Once, J. Smushkevich, the then General Inspector of the Air Force, told Golovanov that he should write a letter to Stalin. Golovanov was stunned by such a proposal. But Smushkevich explained that, knowing the flight work of the Air Force, Aleksandr Evgenievich should have understood that military issues are not attached to the issues of blind flights and the use of radionavigation means, and the leaders of this direction are not sufficiently prepared. “Next write that you can take up this matter and put it to the proper height,” Smushkevich finished.
After much deliberation, Golovanov sent such a letter to the leader. On the basis of his experience, he substantiated the need to take urgent measures to train crews of long-range bomber aircraft, fly in the clouds and suggested organizing a special air connection for these purposes. Time passed, and there was no answer. Golovanov had already ceased to wait (do you know how many letters are addressed to Stalin). Then one day, when he flew to Alma-Ata on instructions, a telegram arrived there, offering him an urgent return.
In Moscow, Golovanov was immediately taken from the airfield to the Kremlin, where the meeting was held with Stalin. When he appeared in Golovanov’s office, Stalin turned to his letter. He noted that his suggestions deserve attention. Then he outlined a plan for how to practically implement this proposal: first create a regiment and, for the sake of the cause, subordinate it not to the district, but to the center.
A day later, Golovanov was again summoned to the Kremlin. During the conversation with Stalin, the formation of the 212-th separate bomber air regiment was discussed. His commander was appointed A. Golovanov, summoning 1941 to the Red Army in February. Service in the Air Force and participation in the Great Patriotic War is another glorious page in the biography of A. Golovanov, which deserves a separate article.
He returned to Aeroflot after the war. He was appointed Deputy Head of the State Research Institute of Civil Aviation. At that time, the institute mastered the IL-18 aircraft that entered service, introduced it for flights on Aeroflot routes. Golovanov devoted himself entirely to his beloved work — he was always not indifferent to the new aviation technology and constantly sought to be among the pioneers of its development. A great enthusiast of blind flights, he paid special attention to testing the instrumentation equipment, comprehensively experimented, seeking its greatest efficiency and reliability in operation.
In his advanced years, he worked as tirelessly as in his youth. His entire working day was arranged by the hour (long-standing habit of self-discipline and order). He himself showed an example of discipline in everything and demanded the same from his subordinates. It happened, time was running out. And then he even reduced the time for lunch, but never canceled it.
His dream was to create a modern flight test base and a team that can solve the most difficult tasks of modern aviation technology. Golovanov carefully selected candidates on very strict criteria. And in troubled troubles I did everything possible to create good conditions for the workers and, given their hard work, to provide them with everything they needed in their everyday life. First of all, housing. After all, inviting people, Alexander Evgenievich did not proceed from the presence of a capital registration, but from business qualities. He helped the pilots to purchase cars that were not a luxury, but a necessity, because the airfield was far from the city. And the fact that the test pilots of the Institute, after retiring to a deserved rest, began to receive an increased pension, is also his merit.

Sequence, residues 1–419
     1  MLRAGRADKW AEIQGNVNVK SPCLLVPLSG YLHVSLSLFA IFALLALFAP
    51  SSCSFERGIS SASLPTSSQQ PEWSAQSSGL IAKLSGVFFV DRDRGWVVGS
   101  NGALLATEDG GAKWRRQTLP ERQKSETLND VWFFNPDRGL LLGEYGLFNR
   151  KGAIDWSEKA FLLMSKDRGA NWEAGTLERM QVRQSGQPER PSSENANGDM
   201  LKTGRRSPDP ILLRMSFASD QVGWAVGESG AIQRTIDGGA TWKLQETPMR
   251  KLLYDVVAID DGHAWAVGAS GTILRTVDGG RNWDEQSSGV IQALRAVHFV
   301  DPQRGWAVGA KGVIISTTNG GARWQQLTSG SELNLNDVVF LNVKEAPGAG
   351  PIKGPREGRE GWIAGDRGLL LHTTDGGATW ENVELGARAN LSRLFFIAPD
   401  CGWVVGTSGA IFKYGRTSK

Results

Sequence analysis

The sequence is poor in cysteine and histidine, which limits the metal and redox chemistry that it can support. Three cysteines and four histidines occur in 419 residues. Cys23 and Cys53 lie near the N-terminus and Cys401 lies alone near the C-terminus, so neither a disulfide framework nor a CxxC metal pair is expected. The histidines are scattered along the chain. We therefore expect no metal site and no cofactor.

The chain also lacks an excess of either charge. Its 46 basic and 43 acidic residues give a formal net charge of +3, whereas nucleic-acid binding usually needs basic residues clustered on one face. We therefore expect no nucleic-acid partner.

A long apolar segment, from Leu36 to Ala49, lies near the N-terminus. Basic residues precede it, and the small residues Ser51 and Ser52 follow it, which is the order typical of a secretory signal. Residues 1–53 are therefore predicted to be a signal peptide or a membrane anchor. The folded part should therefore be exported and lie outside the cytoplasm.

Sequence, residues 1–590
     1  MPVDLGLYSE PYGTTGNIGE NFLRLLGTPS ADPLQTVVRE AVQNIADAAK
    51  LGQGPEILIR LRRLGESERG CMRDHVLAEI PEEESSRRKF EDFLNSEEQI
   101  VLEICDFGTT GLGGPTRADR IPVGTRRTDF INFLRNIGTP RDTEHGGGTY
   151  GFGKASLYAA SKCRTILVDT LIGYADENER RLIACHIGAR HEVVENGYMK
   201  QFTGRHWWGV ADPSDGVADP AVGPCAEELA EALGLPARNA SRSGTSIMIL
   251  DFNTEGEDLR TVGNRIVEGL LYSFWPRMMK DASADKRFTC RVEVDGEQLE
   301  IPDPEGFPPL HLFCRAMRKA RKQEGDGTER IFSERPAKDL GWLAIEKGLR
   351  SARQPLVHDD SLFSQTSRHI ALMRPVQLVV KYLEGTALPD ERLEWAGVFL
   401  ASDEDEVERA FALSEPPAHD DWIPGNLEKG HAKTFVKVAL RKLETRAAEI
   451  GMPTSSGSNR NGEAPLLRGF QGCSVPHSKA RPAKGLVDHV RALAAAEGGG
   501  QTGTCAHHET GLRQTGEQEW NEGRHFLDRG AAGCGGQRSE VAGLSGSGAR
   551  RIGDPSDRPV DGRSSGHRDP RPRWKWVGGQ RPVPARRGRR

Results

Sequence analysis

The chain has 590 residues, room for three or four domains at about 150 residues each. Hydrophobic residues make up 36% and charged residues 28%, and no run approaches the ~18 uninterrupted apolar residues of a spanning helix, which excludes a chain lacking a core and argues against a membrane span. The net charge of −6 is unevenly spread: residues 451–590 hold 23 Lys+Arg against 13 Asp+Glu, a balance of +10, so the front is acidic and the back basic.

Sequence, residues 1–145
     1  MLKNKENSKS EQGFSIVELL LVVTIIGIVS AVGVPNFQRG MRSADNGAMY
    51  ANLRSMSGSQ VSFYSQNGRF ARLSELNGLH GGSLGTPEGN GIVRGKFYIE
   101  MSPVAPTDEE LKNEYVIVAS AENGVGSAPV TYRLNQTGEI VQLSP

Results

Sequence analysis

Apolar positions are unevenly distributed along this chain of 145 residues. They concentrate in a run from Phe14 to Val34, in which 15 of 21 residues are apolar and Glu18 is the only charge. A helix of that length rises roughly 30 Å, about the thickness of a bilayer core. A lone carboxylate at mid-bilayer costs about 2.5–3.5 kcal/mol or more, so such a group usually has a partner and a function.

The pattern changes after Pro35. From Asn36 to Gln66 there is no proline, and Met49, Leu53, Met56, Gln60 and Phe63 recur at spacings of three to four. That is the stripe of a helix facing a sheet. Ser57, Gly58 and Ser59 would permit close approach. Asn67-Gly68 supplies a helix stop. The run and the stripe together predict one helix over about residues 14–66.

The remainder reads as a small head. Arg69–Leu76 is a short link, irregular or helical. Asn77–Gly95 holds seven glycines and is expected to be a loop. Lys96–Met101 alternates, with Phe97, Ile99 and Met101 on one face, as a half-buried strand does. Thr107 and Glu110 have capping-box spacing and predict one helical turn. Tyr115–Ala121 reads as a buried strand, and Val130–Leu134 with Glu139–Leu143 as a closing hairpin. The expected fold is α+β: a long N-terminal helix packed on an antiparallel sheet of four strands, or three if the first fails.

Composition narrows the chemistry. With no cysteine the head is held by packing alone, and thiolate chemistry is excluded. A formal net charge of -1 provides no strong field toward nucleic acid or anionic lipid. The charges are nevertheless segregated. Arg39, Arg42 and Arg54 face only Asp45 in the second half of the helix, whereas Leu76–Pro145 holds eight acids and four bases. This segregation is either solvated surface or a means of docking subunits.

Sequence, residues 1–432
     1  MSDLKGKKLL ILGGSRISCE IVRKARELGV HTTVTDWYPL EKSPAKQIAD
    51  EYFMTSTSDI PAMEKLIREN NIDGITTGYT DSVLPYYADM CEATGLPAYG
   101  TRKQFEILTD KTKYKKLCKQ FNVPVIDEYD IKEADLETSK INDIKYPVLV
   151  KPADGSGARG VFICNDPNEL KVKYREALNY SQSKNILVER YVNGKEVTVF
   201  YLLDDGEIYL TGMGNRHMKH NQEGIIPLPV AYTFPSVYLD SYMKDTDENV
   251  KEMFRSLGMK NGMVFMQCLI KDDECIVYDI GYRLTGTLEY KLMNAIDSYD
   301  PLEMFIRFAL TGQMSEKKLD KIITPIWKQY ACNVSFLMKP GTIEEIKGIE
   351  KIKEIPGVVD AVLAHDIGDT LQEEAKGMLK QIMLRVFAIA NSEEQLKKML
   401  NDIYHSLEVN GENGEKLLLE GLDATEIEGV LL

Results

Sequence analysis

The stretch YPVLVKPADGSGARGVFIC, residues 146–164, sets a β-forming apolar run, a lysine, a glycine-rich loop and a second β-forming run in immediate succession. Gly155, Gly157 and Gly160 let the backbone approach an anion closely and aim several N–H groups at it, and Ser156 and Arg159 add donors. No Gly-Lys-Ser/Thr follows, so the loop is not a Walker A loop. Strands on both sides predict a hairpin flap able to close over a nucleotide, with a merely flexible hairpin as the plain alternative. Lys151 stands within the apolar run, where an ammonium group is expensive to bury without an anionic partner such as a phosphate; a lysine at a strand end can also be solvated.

Golovanov organized a flight test squad at the institute, and with a time dreamed of turning the entire institute into a flight test. And very eager for this. But another point of view took the upper hand: the research institute was identified as the head of all aviation science.
In the sixties, helicopters became widely used in the national economy. They were indispensable assistants in construction and installation work in the most difficult places and at sites where they successfully performed operations that were beyond the capacity of installation cranes. Golovanov was a lot and persistently introducing the practice of rotary-wing machines into practice, developing techniques for the most complex operations. Trips to field trips helped to successfully solve this problem.
At the Yaroslavl Tire Plant with the help of a helicopter installed vulcanizers, on the third floor of the existing production building, located inside the factory yard. The exact calculation of the unusual operation could provide only science. And the creative team of the institute, headed by A. Golovanov, successfully coped with the task. There were openings in the hull roof, and in them the Mi-6 helicopter safely lowered all the mechanisms.
So the science went along unexplored paths, accumulated and generalized the experience of using helicopters in the national economy, and gave reasonable recommendations. Being engaged in scientific work, Golovanov perfectly understood that the study of foreign experience, in which there was much instructive, is impossible without the knowledge of foreign languages. And at the age of sixty he began English and successfully completed the necessary course of study.
Not far from Sheremetyevo airport, an alley of fame was laid for veterans of the flight test complex of the State Research Institute of Civil Aviation. Birches and maples rustle in the wind. Near each of them there is a sign reminding of who the tree was planted in honor of. Among them there is a maple, planted in honor of the Chief Air Marshal A.Ye. Golovanova, whose contribution to the development of civil aviation in our country is difficult to overestimate.